One of the reasons why many products fail is because of one aspect of human nature.
Let me explain…
Let’s say you are a marathon runner, and somebody tries to sell you a spray that you put on your feet before you go to sleep to prevent athlete’s foot.
You will most likely ignore the sales message because it is a problem that may or may not occur.
It’s not really bugging you at that moment.
But let’s say next week you get athlete’s foot and you’re at the corner pharmacy trying to find the strongest thing they’ve got to cure it.
These two situations illustrate two general principles.
- First: It is human nature to think you’re never going to get the disease or affliction that the preventive can prevent, so it becomes a very tough sell.
- Second: If you do get the disease or affliction, you’re willing to pay a whole lot more for the cure than you were for the preventive and it’s easier to sell.
Sell a cure, not a preventative.
If you have wrinkles, you are a great prospect for wrinkle creams and treatments. They represent cures, not preventives.
And think about it.
Don’t the preventives like creams to moisturize your skin and sunscreens to avoid sun damage cost a lot less than the cures?
But some of the effective wrinkle eliminators cost plenty for a small jar.
You first need to ask yourself these following questions ,
1.“Is this product a preventive or a cure?”
2.“Can the product be presented as a cure rather than a preventive?”
3.“Is the market trend changing the perception of your product from being a preventive to being a cure?
4.“Or do you simply have a preventive that does not have a broad enough market?”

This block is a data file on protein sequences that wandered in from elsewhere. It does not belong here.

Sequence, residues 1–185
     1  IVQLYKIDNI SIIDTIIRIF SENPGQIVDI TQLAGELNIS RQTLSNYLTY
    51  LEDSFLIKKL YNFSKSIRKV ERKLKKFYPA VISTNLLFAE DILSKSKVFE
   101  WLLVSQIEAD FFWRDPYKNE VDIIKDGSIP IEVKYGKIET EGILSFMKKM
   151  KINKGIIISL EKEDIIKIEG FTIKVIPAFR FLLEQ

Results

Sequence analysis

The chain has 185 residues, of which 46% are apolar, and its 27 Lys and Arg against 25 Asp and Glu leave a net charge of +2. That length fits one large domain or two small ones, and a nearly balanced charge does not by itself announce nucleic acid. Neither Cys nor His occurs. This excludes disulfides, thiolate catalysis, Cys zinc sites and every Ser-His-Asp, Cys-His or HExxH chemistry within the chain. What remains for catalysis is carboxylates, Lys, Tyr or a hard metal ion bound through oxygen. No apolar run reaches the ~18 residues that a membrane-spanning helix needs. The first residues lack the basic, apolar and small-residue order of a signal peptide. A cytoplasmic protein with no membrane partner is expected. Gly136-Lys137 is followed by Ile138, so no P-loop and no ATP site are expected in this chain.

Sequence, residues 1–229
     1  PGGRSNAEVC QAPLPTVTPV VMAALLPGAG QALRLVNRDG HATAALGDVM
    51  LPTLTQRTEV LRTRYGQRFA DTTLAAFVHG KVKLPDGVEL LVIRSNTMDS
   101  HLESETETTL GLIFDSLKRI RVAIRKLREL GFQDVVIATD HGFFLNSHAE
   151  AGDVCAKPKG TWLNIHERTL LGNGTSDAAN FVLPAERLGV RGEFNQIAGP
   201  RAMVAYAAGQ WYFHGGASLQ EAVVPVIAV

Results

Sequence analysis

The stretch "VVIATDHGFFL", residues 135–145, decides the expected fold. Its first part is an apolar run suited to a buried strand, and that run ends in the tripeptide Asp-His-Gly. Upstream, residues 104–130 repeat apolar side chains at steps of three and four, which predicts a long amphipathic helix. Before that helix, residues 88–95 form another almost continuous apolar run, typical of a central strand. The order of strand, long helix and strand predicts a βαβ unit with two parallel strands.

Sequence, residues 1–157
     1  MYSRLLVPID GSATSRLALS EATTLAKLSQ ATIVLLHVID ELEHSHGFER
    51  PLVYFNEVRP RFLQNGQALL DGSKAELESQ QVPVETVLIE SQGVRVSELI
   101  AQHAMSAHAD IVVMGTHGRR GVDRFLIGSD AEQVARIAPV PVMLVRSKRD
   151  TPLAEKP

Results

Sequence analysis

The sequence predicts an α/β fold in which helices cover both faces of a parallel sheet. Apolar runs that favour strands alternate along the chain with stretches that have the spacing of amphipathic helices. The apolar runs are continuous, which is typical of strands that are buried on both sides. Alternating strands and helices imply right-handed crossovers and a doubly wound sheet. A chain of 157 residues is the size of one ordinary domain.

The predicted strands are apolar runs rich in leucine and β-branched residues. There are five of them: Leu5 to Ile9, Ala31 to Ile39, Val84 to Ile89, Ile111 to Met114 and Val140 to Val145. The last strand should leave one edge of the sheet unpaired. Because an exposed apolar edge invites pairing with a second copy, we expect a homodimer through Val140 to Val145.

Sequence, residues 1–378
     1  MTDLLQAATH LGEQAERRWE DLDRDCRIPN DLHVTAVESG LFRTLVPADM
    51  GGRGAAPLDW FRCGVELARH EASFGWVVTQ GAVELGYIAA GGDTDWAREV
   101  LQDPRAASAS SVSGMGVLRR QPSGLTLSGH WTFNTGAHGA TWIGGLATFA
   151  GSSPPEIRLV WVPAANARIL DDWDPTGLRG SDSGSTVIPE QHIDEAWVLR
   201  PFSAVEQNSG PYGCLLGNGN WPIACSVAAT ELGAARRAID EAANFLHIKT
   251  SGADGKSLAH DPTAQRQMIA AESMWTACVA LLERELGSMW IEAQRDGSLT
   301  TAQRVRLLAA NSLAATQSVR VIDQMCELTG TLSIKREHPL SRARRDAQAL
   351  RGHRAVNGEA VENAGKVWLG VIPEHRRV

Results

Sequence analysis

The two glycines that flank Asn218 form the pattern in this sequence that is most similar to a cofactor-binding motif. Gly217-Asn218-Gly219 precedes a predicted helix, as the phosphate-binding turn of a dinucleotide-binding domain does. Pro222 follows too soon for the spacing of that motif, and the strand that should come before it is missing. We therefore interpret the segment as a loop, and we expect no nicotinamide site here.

- If you’ve got a cure and the market is large enough, you’ve got a powerful product.
- But if your product is a preventative think in terms of how you can change it into a cure.
Make a Preventive a Cure
Joseph Sugerman used to sell a product named, “The pill”.
It is a fuel-conditioning treatment for automobiles. It is a pill you put in your gas tank, and it is both a preventive and a cure.
First, as a preventive, it helps you avoid engine problems by cleaning out your engine before anything serious happens to your car from impurities that could lodge in your fuel injectors. It reduces pollution to help you pass the many mandatory emissions tests conducted throughout the United States, and it prevents you from having to visit the repair shop.
But when he presented the product on tv, he didn’t talk much about what it prevents but rather what it cures.
It cures engine knock, it eliminates ping, it saves up to 10 percent on gas.
In short what he did was he emphasized the curative aspects of the product and underplayed the preventive features.
The only type of product that doesn’t follow this rule.
The main reason preventatives don’t work is because it treats a problem that may or may not occur.
And that is not actually plaguing your prospect at this moment.
But The person seeing the AD is perfectly capable of imagining such problems afflicting his loved ones, his friends, his wife and children, even his nation.
This is why decay-prevention toothpaste sold so well when the ads focussed the decay, not on the parent, but on the children.
That’s why there is a thing called life insurance.
The person buying the insurance does not picture his own death.
But rather the person thinks of horrors inflicted upon his wife and children if insufficient money is left over to take care of them.
To sum up: A man will not visualize future disasters occurring to himself, but he is perfectly capable of visualizing, and buying preventatives from, the image of such future problems affecting others around him.
So if you are thinking about creating an advertisement that focuses on the prevention of a future problem, keep in mind that the success of your ad is based entirely on your product.
If the advertisement you are trying to create warns the reader about the future problem that may occur to him, you are wasting your client’s money.
But if your advertisement focuses on future problems that may occur to the person’s loved ones, I am pretty sure that it will work.
I used to make these types of mistakes all the time. I remember, when I was trying to create a shampoo advertisement. I tried to tell the reader about what would happen if he didn’t use our product rather than what he could gain from it.
It was a total disaster.
Anyways, Thanks for reading 🙂